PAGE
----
At first, most people start to feel pain when they bear weight on the affected joint, but later, the joint may feel painful during rest.

As the disease progresses, the following may occur over time:

  • stiffening joints
  • a loss in the range of motion
  • a sudden increase in pain if the end of the bone collapses
  • arthritis

Doctors may use a variety of tests to diagnose avascular necrosis, including:

  • a medical history
  • a physical examination
  • imaging tests, including X-rays, MRIs, and CT scans

Healthcare professionals initially use X-rays to rule out any other causes of joint pain. MRIs and CT scans provide clearer images of the bone so that doctors can determine the extent of the bone damage. MRI scans are highly sensitive and are more common in their use, as they can detect signs of avascular necrosis before a person starts experiencing symptoms.

Treatment for avascular necrosis includes nonsurgical and surgical interventions.

The best treatment option for people may vary according to:

  • the person’s age
  • stage of disease
  • what bone is affected
  • the extent of the damage to the bone

Nonsurgical treatment can help if avascular necrosis only affects a small area or is in its early stages. Conversely, it is ineffective in people with advanced forms of the condition or when it affects the hip or knee.

It is best to start treatment early before the bone collapses. Some treatment options include:

  • Physical therapy, or rehabilitation: This focuses on exercises that improve joint motion and strengthen the muscles around joints. An example exercise may include circular movements of the hip while holding onto something.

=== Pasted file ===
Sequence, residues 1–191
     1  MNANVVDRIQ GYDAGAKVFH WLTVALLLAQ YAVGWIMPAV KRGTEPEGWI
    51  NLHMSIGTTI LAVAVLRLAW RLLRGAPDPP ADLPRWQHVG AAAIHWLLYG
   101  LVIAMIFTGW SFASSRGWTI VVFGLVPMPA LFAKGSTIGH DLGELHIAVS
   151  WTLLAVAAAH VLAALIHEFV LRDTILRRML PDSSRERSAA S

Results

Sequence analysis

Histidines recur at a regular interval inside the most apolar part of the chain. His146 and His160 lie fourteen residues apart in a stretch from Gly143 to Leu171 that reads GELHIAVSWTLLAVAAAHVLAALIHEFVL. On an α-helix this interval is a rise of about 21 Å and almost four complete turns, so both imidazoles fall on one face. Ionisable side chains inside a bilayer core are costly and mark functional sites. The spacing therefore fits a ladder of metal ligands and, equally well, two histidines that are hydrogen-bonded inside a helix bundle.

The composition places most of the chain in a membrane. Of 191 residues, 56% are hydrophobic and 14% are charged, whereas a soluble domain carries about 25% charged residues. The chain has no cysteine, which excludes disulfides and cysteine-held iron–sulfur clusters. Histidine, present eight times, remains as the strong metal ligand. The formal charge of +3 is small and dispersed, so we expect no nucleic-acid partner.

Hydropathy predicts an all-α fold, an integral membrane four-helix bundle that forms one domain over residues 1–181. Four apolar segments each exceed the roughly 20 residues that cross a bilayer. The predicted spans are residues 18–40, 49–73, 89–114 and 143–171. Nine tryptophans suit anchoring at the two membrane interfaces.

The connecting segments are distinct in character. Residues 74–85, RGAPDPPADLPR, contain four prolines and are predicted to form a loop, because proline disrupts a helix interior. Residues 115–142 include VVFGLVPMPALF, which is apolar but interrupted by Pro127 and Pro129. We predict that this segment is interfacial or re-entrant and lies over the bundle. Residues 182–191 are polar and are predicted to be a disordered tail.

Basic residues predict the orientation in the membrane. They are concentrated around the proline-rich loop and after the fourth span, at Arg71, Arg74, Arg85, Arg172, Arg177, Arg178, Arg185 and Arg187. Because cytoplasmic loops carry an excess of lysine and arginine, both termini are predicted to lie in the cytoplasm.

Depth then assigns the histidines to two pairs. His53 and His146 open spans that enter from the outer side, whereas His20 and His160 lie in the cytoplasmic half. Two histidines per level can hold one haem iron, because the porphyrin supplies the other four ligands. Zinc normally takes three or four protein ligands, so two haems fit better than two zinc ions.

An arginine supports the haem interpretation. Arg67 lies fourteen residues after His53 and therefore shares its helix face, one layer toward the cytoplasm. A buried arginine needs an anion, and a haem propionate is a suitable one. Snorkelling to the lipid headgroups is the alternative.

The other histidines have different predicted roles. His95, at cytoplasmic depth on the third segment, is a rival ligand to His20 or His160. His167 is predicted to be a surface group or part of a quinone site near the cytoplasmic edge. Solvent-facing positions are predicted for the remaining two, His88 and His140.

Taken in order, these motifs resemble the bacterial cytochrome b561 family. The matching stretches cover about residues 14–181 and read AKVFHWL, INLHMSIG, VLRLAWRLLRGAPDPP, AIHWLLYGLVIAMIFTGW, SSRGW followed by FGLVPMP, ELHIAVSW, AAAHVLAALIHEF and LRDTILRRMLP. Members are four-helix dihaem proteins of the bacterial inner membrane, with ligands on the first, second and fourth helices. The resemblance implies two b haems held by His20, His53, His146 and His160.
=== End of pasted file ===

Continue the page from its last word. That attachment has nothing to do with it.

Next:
• Anti-inflammatory medications: These help reduce symptoms of pain and swelling.
  • Using crutches or canes: These can provide support and help relieve pain when walking, particularly if the condition affects weight-bearing bones.

Although these measures can help manage the condition, they typically do not slow the disease’s progression.

Most people eventually need surgery, which involves removing some dead cores of the bone. Options include:

  • Core decompression: This is the most common surgery for the condition. It involves drilling shafts into the bone to reduce pressure.
  • Osteotomy: This is appropriate for treating small areas of bone damage. It involves repositioning the healthy part of the bone to support the weight-bearing joint.
  • Bone graft: Doctors may reserve this procedure for advanced cases. A bone graft may come from another part of an individual’s body, another person, or a synthetic material. It transplants a healthy part of a bone with its blood supply into the part of the bone with dead cells.
  • Total joint replacement: This involves replacing a damaged joint with one consisting of ceramics, metal, or plastic. This procedure aims to increase a person’s range of motion and reduce pain.

New therapies that utilize stem cells to treat avascular necrosis of the femoral head can mean that people, especially young individuals — may not require a total hip replacement.

The main methods of preventing avascular necrosis involve addressing the risk factors that are possible to change.

This may include:

  • consuming alcohol in moderation
  • quitting smoking, if applicable
  • discussing alternatives to corticosteroids with a doctor, if a person takes these medications

The outlook is often negative for avascular necrosis, regardless of the type of early treatment someone has.

As the condition advances, an individual experiences:

  • debilitation, or weakness
  • persistent pain
  • destruction of the joint beyond repair

Among people with avascular necrosis without symptoms, 59% later develop symptoms or experience bone collapse.

In those with avascular necrosis in the humeral head, the condition progresses to the point where a hip replacement is necessary for up to 81% of cases. The progression of avascular necrosis in this joint may take several months to 1 year.

Avascular necrosis occurs when bone tissue dies due to a disruption in its blood supply. A range of risk factors, such as a serious injury, may cause or contribute to the disruption.

Once the condition progresses, a person experiences pain, especially in weight-bearing joints.

Most people eventually need surgery, such as a bone graft or total joint replacement. However, the outlook is frequently negative.